Two Irishmen and an Italian

James Moore and John Duddy got together with their good friend Lou Dibella at B.B. King's the other night. The two great Irish boxers were there to support Seanie Monaghan, who won a unanimous decision. A good time was had by all.

©MMXI Joe DiMaggio

Friday, April 1, 2011

March 25, 1911, The 100 Years Ago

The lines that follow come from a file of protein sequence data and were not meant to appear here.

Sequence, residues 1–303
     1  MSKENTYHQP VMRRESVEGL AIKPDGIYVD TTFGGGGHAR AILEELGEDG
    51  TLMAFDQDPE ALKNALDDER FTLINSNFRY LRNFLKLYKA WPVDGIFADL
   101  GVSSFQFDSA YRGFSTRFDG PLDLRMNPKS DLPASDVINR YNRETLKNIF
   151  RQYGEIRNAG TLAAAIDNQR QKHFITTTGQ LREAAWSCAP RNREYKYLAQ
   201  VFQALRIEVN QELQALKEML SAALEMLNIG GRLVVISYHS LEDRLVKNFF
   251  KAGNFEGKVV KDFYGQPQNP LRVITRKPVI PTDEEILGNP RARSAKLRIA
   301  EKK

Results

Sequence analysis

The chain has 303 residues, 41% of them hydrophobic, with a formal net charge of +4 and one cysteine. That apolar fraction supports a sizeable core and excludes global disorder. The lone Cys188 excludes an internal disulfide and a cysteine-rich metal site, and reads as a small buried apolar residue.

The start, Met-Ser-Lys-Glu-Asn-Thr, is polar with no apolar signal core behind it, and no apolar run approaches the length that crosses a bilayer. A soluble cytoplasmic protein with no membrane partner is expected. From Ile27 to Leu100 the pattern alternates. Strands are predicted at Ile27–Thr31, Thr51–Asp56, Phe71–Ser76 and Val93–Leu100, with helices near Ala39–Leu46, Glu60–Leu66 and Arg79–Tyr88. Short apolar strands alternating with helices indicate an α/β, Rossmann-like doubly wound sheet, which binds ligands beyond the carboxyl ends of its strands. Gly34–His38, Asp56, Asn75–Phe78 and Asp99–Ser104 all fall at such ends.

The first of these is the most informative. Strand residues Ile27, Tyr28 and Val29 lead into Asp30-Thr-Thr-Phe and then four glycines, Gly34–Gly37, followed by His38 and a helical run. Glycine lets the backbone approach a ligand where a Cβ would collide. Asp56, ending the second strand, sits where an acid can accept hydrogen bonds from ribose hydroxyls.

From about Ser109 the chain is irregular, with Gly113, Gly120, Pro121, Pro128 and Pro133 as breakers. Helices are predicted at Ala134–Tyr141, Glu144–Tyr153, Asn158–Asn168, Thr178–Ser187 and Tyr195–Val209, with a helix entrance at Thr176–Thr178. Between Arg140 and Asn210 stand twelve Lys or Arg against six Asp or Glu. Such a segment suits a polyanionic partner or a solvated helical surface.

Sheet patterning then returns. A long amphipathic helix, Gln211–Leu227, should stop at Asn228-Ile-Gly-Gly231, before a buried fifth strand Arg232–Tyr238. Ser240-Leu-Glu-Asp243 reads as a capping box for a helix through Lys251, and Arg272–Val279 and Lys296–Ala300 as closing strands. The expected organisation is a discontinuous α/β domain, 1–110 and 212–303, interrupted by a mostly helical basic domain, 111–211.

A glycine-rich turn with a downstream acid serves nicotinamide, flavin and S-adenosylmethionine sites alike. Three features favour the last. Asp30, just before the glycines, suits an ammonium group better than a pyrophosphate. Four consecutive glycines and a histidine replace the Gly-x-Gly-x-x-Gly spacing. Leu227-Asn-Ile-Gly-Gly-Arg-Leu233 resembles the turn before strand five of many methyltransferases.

As some of you may or may not know, I was born and raised in Greenwich Village, New York, bouncing between 63 Carmine Street and 101 St. Luke's Place. It was the DiMaggio's side of the family and the Pennino side of the family. It wasn't until 5 years ago that I discovered my grandmother and her sister worked at the Triangle Shirtwaist Factory. She was 16 years old and her sister was 14. On March 25 1911, the most devastating industrial disaster. Both my grandmother and my aunt made it out safely. 146 women and children did not make it out. As a photographer, every time I photograph my grandmother, there was something that was deep and troubling in her eyes. She had a beautiful smile, but that smile was always accompanied by the troubled eyes. I love my grandmother. It was unnerving to me. I never knew what she went through. She must have been terrified her whole life by that ordeal.